"If we win out, I like our chances," Nationals manager Davey Johnson said. "The pitching has got to be better. The bullpen, at times, has been real shaky, but I like where we are at. I think we are five games in the loss column. ... That's the biggest key going down the stretch."
Nationals right-hander Jordan Zimmermann won his NL-leading 17th game of the season, but it wasn't easy as he lasted five-plus innings, allowed three runs on eight hits and struck out four batters.
"It was OK. I didn't have very good command on any pitch," Zimmermann said. "The first couple of innings were good and then I lost everything. I couldn't get ahead with the fastball. I fell behind and I had to come back with the fastball, and that's when they were getting most of their hits."
The Nationals gave Zimmermann a 3-0 lead after three innings against right-hander Dillon Gee, a pitcher who was 4-1 with a 2.16 ERA against Washington this season entering Tuesday's action. Gee allowed four runs in 6 1/3 innings.
"This was the one night where I didn't think the command of his changeup was what we've been seeing lately," Mets manager Terry Collins said. "Balls were up in the middle of the plate. These guys are hitting them out of here like this is a bandbox; we know it's not. When they can hit them that good, you know you're making some pitches in some bad spots."
In the first inning, Jayson Werth swung at an 0-1 pitch and hit the ball over the left-center-field wall for his 23rd home run of the season. He ended up going 3-for-4 to raise his batting average to .328, which is top three in the NL.
Asked what winning a batting title would mean to him, Werth said, "At this point, nothing. I'm trying to win ballgames, [but] I'm not stupid."
An inning later, Adam LaRoche made it a 2-0 game by hitting an opposite-field home run over the left-center-field wall.
In the third inning, Nationals outfielder Denard Span extended his hitting streak to 21 games. Span led off the inning, swung at an 0-1 pitch and doubled down the right-field line. Span later scored on a double by Werth.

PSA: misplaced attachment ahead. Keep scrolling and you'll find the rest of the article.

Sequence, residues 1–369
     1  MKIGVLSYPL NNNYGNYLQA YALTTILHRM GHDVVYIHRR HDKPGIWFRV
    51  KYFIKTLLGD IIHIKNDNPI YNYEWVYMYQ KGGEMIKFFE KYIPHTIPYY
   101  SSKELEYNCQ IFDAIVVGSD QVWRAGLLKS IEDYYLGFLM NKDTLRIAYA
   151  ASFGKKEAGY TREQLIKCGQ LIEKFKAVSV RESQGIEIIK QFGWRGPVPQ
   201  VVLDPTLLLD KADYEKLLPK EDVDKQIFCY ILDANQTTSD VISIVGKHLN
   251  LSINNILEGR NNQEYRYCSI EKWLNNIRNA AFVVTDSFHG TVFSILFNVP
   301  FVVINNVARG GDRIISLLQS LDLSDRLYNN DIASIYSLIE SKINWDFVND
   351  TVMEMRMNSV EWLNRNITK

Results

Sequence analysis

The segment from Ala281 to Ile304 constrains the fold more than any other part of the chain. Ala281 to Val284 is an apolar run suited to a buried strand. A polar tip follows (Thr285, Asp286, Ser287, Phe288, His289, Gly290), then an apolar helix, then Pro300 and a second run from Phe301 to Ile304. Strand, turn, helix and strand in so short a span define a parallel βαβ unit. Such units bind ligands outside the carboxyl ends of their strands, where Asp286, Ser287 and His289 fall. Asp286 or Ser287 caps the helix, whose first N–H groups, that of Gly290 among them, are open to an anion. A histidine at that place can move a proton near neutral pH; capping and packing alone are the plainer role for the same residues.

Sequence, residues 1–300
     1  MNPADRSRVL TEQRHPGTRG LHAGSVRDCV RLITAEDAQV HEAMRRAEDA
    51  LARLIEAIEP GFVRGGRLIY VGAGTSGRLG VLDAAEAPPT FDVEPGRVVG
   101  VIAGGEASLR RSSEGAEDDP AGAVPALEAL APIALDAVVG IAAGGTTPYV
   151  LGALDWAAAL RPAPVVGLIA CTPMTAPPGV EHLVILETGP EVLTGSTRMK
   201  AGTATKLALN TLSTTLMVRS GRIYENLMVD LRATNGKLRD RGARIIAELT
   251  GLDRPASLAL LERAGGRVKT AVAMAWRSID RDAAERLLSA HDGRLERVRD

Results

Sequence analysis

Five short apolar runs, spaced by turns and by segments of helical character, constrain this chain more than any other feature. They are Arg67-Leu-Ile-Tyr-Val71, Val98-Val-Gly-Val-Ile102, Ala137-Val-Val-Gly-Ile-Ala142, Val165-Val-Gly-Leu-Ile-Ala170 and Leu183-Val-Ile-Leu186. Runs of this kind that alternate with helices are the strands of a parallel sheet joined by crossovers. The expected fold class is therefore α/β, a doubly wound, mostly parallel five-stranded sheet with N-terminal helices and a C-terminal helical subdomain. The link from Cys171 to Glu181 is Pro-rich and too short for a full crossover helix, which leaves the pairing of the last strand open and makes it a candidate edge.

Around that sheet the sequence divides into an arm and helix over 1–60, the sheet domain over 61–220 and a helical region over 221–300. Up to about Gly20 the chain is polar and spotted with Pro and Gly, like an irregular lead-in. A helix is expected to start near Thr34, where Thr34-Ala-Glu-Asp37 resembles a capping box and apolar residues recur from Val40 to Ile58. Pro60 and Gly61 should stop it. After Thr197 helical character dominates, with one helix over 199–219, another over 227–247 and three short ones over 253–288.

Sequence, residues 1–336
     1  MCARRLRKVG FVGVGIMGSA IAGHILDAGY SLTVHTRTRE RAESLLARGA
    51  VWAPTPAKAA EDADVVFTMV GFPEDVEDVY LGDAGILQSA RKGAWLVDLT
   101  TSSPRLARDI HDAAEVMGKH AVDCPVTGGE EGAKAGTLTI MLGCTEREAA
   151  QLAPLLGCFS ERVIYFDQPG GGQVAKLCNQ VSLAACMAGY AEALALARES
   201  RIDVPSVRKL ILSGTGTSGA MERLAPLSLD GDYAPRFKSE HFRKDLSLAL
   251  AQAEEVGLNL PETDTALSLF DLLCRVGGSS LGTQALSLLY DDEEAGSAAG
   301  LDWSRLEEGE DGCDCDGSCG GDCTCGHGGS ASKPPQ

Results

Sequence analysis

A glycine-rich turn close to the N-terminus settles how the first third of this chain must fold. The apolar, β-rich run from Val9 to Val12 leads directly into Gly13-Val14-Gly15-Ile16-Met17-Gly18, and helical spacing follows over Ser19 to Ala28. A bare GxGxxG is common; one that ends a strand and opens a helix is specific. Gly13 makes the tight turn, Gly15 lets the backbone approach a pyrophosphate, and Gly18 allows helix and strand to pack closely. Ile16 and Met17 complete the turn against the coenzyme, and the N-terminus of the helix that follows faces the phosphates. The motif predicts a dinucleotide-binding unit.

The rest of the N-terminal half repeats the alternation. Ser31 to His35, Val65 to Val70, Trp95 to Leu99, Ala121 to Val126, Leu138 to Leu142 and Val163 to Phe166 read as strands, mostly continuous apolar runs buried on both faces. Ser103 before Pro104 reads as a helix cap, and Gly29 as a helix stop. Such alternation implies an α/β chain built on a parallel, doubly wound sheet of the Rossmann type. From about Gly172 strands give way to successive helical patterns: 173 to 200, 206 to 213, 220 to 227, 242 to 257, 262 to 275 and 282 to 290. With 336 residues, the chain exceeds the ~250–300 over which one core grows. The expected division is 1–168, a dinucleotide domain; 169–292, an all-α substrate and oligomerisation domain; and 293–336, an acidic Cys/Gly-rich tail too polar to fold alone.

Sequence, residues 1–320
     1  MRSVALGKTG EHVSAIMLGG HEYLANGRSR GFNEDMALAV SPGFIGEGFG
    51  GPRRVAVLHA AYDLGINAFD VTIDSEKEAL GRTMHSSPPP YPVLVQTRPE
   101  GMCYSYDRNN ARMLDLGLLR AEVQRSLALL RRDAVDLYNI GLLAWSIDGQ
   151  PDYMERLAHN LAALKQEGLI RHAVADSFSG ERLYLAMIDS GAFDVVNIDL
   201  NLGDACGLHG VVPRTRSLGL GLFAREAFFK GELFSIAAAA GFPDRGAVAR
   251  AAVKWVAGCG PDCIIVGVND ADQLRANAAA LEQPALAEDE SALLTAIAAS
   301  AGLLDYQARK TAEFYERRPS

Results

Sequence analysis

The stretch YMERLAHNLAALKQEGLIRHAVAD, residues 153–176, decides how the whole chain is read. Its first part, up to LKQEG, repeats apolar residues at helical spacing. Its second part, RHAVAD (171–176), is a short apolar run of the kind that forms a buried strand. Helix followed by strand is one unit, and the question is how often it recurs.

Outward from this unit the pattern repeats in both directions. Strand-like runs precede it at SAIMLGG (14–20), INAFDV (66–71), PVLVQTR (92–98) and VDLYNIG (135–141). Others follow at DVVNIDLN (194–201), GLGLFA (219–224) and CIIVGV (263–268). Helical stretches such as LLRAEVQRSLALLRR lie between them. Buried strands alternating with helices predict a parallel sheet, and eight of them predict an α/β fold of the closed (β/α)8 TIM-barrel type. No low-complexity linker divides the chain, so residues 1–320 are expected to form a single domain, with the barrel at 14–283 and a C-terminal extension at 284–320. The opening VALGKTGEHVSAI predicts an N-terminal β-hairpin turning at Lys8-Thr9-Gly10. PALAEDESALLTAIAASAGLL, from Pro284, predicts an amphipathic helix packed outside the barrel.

The Mets plated a run off Zimmermann in the fourth inning, when Daniel Murphy scored on a single by Justin Turner.
In the sixth, Werth, who led off with a double, scored the Nats' fourth run on a single by Wilson Ramos.
The Mets made it a one-run contest in the bottom of the inning. Lucas Duda and Turner scored on a single by Matt den Dekker, which chased Zimmermann from the game.
With the tying run on base and reliever Craig Stammen on the mound, Ramos threw out den Dekker, who was trying to steal second. In the next inning, with Drew Storen on the mound, Ramos threw out Eric Young Jr., who was also trying to steal second.
"I'm working on my defense a lot. My arm feels good right now. I know those guys can run pretty good," Ramos said. "I try to move my feet quickly and put the ball in the air and see what happens. The pitchers [helped me throw those runners out]."
Stammen felt he really didn't do much to get den Dekker at second base. He gave all the credit to Ramos.
"It was the right pitch. I threw a fastball, so it gave him a little extra time and it kind of bailed us out a little bit," Stammen said.
Outfielder Scott Hairston gave the Nationals the necessary insurance runs by belting a pinch-hit two-run homer in the ninth to give Washington a three-run cushion.
"I think any runs in the late innings are very important. I was just happy to contribute tonight," Hairston said. "I think our pitching kept us in the game. We made defensive plays as well."
A quartet of relievers -- Stammen, Storen, Tyler Clippard and Rafael Soriano -- blanked New York after Zimmermann departed as the Nationals won their 75th game of the season. The Nationals have turned it up a notch in the last month, going 21-9 in the last 30 games.
"We kind of waited around too long," Werth said. "I even said it during Spring Training. I expected us to come out a little flat with how things went last year, being as young as we are, expectations that guys never had to deal with. But I didn't expect it to go as long as it did. But going forward, you expect to see this team together a long time. We're good. We just didn't play that good early on. It's not over. We were in a bad spot. That's for sure."